Re:Create Recap – May 23, 2019

EFF: Tell Congress Copyright Claims Can’t Be Treated Like Traffic Tickets. In opposition to the CASE Act, Electronic Frontier Foundation is urging members of the public to contact their representatives to make their concerns heard. Citing the potential for abuse and how the bill will treat certain copyright claims like traffic tickets with damages awards of up to $15,000, EFF highlighted how the bill “would give a lot of authority to a new, quasi-judicial body in the Copyright Office, not the actual courts.”

SAVE The Date: ICA Creator Conference On May 29. The International Communications Association (ICA) is holding its “Creator Governance: Platform, Policies, Regulation & Rights” conference on Wednesday, May 29 at American University in Washington, DC. It will convene scholars, creators, activists, policy makers, and industry professionals to engage around concerns over and advocacy for more effective creator governance. Re:Create Executive Director Joshua Lamel, Public Knowledge’s Meredith Rose, Center for Democracy & Technology’s Stan Adams, and New Creative Economy study author Robert Shapiro are among the list of panelists.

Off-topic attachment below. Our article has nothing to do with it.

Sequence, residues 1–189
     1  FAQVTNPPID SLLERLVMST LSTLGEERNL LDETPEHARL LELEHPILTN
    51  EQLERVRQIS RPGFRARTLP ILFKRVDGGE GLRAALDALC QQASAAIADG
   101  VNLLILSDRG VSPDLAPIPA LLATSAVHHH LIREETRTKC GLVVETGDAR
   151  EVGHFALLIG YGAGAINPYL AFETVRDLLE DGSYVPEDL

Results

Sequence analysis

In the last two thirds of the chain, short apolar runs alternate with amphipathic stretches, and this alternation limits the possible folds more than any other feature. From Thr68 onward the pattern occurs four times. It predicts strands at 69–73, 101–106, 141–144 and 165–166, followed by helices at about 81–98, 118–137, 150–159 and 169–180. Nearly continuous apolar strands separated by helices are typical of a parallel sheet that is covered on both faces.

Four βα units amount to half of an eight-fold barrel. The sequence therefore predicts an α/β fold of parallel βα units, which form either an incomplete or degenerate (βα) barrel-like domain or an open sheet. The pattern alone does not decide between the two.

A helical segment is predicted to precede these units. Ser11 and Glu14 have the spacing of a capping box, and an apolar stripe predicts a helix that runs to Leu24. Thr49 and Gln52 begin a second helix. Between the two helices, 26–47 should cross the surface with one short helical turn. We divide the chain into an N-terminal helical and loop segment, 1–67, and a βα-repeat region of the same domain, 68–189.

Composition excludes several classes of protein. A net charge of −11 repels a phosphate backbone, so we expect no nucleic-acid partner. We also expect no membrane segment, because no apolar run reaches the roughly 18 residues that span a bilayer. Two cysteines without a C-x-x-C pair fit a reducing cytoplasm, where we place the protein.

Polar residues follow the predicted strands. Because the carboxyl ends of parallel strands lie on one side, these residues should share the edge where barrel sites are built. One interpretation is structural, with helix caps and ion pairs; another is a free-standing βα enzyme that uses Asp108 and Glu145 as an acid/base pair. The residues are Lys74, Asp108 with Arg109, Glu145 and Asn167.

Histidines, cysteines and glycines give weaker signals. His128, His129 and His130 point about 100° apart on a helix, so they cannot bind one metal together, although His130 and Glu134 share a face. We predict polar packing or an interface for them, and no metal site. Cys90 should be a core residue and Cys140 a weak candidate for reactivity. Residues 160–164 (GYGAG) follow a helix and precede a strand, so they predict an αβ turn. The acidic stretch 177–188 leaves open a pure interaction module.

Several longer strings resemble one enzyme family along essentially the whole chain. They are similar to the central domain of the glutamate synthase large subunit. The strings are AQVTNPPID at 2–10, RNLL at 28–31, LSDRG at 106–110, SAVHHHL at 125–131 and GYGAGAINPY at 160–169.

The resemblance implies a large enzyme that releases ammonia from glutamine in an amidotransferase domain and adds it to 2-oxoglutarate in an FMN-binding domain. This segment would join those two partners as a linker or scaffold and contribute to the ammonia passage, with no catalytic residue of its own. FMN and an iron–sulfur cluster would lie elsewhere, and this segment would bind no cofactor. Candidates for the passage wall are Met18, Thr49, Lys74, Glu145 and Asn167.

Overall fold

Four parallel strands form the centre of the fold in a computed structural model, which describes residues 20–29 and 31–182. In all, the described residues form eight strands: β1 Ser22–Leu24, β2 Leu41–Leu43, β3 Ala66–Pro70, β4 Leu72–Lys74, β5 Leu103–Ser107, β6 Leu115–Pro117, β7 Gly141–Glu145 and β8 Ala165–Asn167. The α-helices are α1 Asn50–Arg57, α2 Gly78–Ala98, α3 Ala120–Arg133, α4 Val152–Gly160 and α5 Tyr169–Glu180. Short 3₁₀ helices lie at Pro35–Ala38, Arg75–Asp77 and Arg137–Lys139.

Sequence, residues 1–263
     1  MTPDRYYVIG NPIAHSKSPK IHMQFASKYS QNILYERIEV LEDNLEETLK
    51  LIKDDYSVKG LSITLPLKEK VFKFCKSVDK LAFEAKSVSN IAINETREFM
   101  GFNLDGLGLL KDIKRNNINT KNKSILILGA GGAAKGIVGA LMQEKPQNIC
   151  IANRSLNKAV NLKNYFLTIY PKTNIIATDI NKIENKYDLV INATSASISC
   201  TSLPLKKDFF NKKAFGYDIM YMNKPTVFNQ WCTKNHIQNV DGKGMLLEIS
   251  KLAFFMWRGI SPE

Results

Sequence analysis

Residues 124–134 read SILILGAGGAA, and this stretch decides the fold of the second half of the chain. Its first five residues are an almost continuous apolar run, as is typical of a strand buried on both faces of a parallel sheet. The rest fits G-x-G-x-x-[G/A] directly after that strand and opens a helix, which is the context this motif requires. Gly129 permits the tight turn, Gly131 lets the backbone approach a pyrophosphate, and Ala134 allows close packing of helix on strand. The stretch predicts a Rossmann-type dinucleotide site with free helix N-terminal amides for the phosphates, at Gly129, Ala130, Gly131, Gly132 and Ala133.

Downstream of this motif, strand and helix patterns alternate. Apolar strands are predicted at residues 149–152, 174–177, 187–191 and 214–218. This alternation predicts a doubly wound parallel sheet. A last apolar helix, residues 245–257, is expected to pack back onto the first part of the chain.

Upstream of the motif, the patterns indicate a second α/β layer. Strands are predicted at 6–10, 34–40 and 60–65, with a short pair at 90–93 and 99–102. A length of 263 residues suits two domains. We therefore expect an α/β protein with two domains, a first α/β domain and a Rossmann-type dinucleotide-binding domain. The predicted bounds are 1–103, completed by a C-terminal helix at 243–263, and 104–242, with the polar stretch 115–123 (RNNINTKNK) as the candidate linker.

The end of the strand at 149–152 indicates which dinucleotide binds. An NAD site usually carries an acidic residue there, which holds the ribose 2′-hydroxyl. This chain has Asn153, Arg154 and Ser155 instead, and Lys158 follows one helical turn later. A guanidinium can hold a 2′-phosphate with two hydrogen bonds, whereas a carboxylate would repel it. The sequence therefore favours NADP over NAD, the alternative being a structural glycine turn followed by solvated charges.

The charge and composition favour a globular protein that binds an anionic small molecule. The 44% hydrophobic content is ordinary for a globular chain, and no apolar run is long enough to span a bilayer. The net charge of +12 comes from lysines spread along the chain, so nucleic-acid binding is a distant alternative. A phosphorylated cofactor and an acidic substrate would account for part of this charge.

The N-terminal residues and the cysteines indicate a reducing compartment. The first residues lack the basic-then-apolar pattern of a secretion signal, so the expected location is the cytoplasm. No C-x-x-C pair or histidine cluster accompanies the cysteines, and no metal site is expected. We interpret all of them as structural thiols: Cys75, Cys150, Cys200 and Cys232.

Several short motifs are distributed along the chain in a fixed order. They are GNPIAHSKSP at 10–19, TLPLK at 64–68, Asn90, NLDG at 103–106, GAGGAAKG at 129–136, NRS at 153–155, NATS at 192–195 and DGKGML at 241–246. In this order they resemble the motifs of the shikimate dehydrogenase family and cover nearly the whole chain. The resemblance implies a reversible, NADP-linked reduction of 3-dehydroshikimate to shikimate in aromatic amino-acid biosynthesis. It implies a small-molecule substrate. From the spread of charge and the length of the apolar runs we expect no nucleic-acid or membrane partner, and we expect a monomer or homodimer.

EU NGO Community Calls For Role In Implementation Of EU Copyright Directive. More than 40 human and digital rights organizations — including fundamental rights organizations, the knowledge community (in particular libraries), free and open source software developers, and communities — have written an open letter to the European Commission calling to be included in the implementation process of the EU Copyright Directive. The letter cites the “very explicit concerns about the fundamental and human rights questions” expressed by the signers throughout the legislative debate over Article 17. The letter further argues for constructive transposition and implementation to address these concerns and to help “ensure that the fears around automated upload filters are not realized.”

Houston Rockets & Other Teams’ Twitter Accounts Suspended Under DMCA. USA TODAY reported several sports teams’ Twitter accounts were suspended due to tweets that included copyrighted music. Twitter accounts for the Houston Rockets and football teams at Auburn, Rutgers, Iowa and Iowa State were all temporarily suspended. Under notice-and-takedown, Twitter is forced to block content that is flagged as copyright infringement (whether or not it is infringing or is protected by fair use). RedditCFB tweeted in support of the accounts: “(the laws put [Twitter] in a tight situation of assuming the person who filed is correct). YouTube is faced with similar circumstances.